Foreign Reserves Rise


Against all odds, Nepal’s economy is showing signs of gradual recovery. A report on the current macroeconomic and financial status, published by the Nepal Rastra Bank (NRB) Tuesday, reveals that the external sector of the economy has improved significantly during the first six months of the current fiscal year 2023/24. Foreign currency reserves, balance of payments, current account and remittance inflows have picked up. This amply shows that measures taken to boost the slackening post-pandemic economy was pragmatic and satisfactory, busting all the rumours that the economy was heading to imminent collapse like that of Sri Lanka.

The NRB’s data also reflects resilience of Nepali economy in the face of internal and external shocks. Last September, Asian Development Bank (ADB) predicted that Nepal’s economy was expected to grow by 4.3 per cent (at market prices) in the fiscal year 2024, up from an estimated growth of 1.9 per cent in FY 2023. This projection is based on flexible monetary policy, moderation in inflation and comfortable foreign reserves.

The NRB’s latest macroeconomic report also corroborates the ADB’s estimate of economic growth. The gross foreign exchange reserves increased by 18 per cent to Rs. 1816.57 billion in mid-January 2024 from Rs. 1539.36 billion in mid-July 2023. This is indeed remarkable achievement as the country had witnessed sharp decline in the foreign reserves due to the constant fall in the inflow of remittances caused by prolonged impact of pandemic in 2021 and 2022. For the least developed countries like Nepal, the foreign reserves play a vital role in ensuring access to global market. They help in maintaining balance of trade and balance of payments (BoP) while stabilising exchange rate, attracting foreign investment, mitigating financial crisis and spurring economic growth.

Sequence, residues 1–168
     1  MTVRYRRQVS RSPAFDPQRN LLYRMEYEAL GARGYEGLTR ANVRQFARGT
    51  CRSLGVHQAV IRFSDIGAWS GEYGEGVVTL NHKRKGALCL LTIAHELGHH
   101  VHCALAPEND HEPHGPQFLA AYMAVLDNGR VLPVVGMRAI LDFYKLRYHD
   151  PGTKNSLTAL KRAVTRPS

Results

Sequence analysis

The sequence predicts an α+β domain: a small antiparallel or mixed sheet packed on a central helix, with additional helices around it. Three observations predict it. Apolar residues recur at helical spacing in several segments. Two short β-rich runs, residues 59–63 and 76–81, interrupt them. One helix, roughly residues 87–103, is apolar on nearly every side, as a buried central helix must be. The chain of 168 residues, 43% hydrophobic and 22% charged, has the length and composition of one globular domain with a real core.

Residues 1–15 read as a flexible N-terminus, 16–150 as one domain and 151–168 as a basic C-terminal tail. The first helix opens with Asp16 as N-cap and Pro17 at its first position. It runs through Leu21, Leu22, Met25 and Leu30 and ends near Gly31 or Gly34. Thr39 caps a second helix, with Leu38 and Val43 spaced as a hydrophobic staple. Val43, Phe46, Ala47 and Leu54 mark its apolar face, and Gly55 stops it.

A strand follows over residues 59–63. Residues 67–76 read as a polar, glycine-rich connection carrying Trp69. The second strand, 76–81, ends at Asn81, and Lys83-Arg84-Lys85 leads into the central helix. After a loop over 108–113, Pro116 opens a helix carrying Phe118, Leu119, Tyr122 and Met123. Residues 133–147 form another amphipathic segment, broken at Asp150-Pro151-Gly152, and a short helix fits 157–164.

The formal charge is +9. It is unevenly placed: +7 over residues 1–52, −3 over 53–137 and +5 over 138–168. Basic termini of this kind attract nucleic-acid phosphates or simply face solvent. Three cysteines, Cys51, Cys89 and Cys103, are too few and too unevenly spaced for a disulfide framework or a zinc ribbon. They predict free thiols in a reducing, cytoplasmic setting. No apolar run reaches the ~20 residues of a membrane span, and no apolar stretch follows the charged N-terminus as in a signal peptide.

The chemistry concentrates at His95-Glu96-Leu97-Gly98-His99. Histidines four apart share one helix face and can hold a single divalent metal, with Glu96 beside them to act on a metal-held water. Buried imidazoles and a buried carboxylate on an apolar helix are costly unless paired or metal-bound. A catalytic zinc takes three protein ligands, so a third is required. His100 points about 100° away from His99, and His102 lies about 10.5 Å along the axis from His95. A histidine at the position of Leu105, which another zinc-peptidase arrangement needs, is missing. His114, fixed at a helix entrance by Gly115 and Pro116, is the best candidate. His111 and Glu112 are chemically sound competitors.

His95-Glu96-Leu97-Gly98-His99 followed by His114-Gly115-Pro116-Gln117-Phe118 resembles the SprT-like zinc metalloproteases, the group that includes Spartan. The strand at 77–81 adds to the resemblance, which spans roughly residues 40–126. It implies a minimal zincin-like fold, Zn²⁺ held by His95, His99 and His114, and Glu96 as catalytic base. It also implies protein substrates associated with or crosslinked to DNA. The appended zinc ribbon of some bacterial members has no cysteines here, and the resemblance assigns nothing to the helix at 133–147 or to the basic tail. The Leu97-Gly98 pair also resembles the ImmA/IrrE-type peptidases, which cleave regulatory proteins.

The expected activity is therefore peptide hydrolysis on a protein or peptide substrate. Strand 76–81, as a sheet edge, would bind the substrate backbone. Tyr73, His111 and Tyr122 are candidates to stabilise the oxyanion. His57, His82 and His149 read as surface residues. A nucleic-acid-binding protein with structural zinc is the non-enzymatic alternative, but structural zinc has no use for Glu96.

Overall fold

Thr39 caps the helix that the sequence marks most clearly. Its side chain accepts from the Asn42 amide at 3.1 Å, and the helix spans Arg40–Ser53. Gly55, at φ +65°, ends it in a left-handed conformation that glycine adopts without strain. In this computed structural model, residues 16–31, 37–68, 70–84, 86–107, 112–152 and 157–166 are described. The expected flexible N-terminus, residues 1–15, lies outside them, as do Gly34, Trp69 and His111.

The country saw the remittance inflow increase by 25.3 per cent to Rs. 733.22 billion in the review period compared to an increase of 24.3 per cent in the same period of the previous year. The remittance of Rs. 120 billion was received in a single month from mid-December 2023 to mid-January 2024 of the current fiscal year. The number of Nepali workers, both institutional and individual, taking first-time approval for foreign employment was 207,970 and taking approval for renew entry was 135,435. Though reliance on the remittance is not good for the country in the long run, it has enabled to reduce the rate of poverty in rural areas. Prudent policy needs to be adopted to divert the remittance in the productive sectors so that gainful jobs are created at home and exodus of youths going abroad will be checked. 

The current account remained at a surplus of Rs. 161.62 billion in the review period against a deficit of Rs. 35.57 billion in the same period of the previous year. Similarly, balance of payment remained at a surplus of Rs. 273.52 billion in the review period against a surplus of Rs. 92.15 billion in the same period of the previous year. Capital transfer declined by 30 per cent to Rs. 3.11 billion and net foreign direct investment (FDI) remained positive at Rs. 4.53 billion. Likewise, the y-o-y consumer price inflation moderated to 5.26 per cent in mid-January 2024 compared to 7.26 per cent a year ago. These positive indicators are also encouraging at a time when biting recession is still lingering, with many retailors shutting down their businesses and shifting to other professions or leaving the country.

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